Partner punched Logan Mwangi and threatened to kill him, mother tells trial
A mother accused of murder sobbed as she described the moment her boyfriend punched her five-year-old son in the stomach and told her he would “kill him” if she ended the relationship.
Logan Mwangi, also known as Logan Williamson, was discovered in the River Ogmore in Pandy Park, Bridgend, on the morning of July 31, 2021, just two days after the alleged assault took place.
Angharad Williamson, 31, claims Logan, her child from a previous relationship, was attacked by her partner John “Jay” Cole, 40, and a 14-year-old youth, who cannot be named because of his age, on the Thursday before he was found dead.
She told Cardiff Crown Court that the incident happened after an argument between herself and Cole over someone spilling a drink on her stereo.
Giving evidence, Williamson said: “It escalated quite quickly. I showed him my stereo and he said straight away it could have been Logan and I said ‘why do you pick on Logan?’. I started shouting.
“Jay said Logan had smirked at him and turned around and said, ‘You love it when me and your mum argue. You think it’s funny’. He called Logan out of his bedroom and into the hallway.
“He tried to talk to him and Logan stuttered and he wouldn’t talk to Jay.
“He stuttered again and Jay punched him twice in the stomach, he fell on his bum and hit his elbows on the floor. I went forward and he was blocking the doorway to the kitchen.
“I said, Jay leave him alone. He asked for [the youth] to come from the living room into the hallway and said ‘If he flinches again or stutters, sweep him’. He did and he pushed his head to the ground.”
‘He was gone’
Williamson said she ran into the living room to get her phone but could not find it so ran from the house to call for help.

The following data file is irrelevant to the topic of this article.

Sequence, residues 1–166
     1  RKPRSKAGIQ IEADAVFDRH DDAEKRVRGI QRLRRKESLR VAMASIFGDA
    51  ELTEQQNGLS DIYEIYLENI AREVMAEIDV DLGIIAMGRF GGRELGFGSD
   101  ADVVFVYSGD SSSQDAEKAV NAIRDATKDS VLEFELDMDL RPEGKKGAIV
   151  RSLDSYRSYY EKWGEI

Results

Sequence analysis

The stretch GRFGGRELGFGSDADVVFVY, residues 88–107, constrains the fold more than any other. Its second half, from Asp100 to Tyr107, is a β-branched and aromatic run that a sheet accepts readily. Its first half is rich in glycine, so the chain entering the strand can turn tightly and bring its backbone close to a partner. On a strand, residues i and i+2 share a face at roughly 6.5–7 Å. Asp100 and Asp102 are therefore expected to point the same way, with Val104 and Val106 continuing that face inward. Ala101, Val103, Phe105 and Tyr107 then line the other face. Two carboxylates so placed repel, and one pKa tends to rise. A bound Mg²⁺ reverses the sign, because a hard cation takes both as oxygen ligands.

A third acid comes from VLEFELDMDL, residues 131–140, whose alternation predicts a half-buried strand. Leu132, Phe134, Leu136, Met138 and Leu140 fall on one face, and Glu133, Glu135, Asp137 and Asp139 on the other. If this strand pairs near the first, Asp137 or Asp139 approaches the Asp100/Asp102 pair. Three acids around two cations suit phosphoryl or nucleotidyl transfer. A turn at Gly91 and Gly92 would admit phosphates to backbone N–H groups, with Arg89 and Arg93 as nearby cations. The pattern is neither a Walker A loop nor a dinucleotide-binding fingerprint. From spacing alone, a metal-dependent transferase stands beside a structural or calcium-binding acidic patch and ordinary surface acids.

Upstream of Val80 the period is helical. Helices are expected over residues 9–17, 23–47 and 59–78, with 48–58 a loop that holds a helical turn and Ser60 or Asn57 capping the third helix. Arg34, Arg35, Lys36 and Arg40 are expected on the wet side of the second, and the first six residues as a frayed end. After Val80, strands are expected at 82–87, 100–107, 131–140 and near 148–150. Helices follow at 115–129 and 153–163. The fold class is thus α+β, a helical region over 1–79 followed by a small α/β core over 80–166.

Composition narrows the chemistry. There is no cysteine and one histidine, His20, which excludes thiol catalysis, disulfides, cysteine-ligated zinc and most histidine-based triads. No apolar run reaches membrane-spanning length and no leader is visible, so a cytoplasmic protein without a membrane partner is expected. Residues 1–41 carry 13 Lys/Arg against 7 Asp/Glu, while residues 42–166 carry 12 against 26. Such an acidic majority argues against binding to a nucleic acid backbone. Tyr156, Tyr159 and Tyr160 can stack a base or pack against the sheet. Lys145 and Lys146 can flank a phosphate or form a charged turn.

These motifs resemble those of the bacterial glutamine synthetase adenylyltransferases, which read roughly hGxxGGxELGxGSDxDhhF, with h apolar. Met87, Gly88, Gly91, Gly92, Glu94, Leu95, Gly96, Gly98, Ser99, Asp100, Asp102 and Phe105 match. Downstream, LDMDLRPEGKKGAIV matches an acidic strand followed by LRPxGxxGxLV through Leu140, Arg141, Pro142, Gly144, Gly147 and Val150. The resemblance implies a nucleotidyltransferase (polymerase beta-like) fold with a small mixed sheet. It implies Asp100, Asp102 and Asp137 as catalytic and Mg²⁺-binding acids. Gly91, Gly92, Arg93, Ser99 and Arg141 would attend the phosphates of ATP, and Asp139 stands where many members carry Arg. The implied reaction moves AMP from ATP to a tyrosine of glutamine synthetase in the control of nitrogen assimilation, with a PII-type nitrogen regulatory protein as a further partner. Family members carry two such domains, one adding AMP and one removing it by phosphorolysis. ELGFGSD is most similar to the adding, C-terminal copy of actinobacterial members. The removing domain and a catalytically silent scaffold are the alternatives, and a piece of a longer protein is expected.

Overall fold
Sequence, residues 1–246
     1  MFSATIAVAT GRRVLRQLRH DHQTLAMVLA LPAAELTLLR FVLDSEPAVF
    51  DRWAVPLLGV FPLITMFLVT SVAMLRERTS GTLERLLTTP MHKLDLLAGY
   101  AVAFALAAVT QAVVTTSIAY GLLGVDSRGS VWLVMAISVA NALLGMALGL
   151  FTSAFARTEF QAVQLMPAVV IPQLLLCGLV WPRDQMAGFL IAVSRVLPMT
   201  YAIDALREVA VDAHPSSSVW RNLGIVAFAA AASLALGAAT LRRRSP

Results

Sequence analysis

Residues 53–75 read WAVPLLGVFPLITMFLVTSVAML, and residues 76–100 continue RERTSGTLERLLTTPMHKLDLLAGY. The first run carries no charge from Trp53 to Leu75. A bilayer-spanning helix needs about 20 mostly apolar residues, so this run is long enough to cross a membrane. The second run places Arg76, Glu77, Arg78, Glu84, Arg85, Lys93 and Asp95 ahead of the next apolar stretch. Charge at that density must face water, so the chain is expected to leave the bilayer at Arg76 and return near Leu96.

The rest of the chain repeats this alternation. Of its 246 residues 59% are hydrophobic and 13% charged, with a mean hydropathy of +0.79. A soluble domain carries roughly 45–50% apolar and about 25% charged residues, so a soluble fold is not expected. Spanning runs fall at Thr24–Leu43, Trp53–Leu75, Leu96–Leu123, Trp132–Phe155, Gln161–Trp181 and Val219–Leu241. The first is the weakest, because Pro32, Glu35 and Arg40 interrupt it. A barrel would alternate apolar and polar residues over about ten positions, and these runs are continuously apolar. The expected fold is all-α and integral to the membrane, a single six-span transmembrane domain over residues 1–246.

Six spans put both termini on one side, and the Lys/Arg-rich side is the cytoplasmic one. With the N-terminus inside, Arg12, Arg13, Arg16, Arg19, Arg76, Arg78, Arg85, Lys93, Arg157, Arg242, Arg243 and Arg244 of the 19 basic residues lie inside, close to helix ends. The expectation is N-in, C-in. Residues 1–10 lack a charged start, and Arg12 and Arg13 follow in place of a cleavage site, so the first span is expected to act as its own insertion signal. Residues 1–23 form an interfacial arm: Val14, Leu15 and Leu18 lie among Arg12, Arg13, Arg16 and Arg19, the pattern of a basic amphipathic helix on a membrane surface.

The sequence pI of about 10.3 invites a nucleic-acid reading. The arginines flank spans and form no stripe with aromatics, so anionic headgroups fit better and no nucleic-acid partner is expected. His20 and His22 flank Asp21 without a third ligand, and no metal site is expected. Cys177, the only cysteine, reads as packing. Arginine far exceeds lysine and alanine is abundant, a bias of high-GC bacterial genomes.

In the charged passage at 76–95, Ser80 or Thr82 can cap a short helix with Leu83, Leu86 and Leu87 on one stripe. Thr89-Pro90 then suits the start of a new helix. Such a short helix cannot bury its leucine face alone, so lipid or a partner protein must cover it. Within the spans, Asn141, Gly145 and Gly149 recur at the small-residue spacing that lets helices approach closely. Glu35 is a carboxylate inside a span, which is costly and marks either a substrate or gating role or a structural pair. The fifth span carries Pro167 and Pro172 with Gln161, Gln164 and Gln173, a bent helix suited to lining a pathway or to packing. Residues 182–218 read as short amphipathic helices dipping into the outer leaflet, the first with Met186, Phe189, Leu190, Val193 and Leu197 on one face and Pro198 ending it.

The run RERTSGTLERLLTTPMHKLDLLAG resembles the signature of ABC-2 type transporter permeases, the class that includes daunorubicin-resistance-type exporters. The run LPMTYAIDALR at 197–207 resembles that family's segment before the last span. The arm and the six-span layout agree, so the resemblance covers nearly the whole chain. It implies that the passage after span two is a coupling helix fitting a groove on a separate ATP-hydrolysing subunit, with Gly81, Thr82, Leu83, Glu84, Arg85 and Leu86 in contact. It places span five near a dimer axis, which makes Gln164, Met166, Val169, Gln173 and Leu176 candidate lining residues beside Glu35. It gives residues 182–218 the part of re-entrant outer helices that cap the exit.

She said: “I told Logan to get in his bedroom and stay there. I wanted to call my mum or (friend) Rhiannon to get help for Logan.”
In a video played to the jury, Williamson is seen running out of the flat where the family lived in Lower Llansantffraid, Sarn, just before 3pm and being chased by the youth defendant. After a few moments she can be seen to go back inside.
Williamson said Jay managed to calm her down but that it was her intention to leave for good.
“I’d had enough. He’s crossed a line hurting Logan,” she told the court.
Asked if she had told Cole she wanted to leave him, she added: “I told him that a bit later.
“He said ‘If we break up because of Logan I’m going to kill him’.”
Throughout the course of the next day Williamson said Logan did not seem in pain or discomfort, although he had refused to eat his favourite meal of pizza and chips on the Friday evening.
She said after putting him to bed she took her medication and went to sleep at around 10pm, while Cole and the youth played an Xbox in the living room.
When she woke around 5.30am, Logan was not in his room and she began looking around the flat and outside for him, eventually calling the police.
Peter Rouch QC, defending Williamson, said: “The prosecution suggest what happened then was a sham by you and make believe. Is that true?”
Williamson said: “You can’t fake feelings like that.
“I was so scared. My worst nightmare had come true. He was gone, I didn’t know where he’d gone. I didn’t know if he was safe. He was my little boy and he was out there on his own.”
Mr Rouch said: “When you got up in the morning did you know what had happened that night? John Cole taking Logan’s dead body to the river?”
Williamson said: “No, I didn’t.”
When interviewed by detectives in Bridgend Police Station, Williamson said she did not tell them at first about the assault on the Thursday because she was scared of Cole, who she claims told her he was in the SAS and had been in prison.
Under cross-examination by Cole’s defence counsel David Alias QC, she said: “I didn’t want to believe the man I loved so much could do this to my son.
“I do now due to the autopsies.”
Mr Alias said: “Mr Cole was a phenomenal dad.”
Williamson replied: “At the beginning. That changed when he started getting stricter with Logan. When he was good he was good, but when he lost his temper he was bad. It was when he got more comfortable in our relationship and in the family home, he got stricter and angrier.”
After being charged with perverting the course of justice, then murder, Williamson was taken to Eastwood Park, a female prison in south Gloucestershire. There, she said she experienced being called a “child murderer” and threatened by the other inmates and had to be segregated from the general prison area for her own protection.
Cole has admitted perverting the course of justice for dumping the boy’s body, but denies murder.
He is on trial alongside Williamson and the 14-year-old, who deny all charges against them.
The trial continues.
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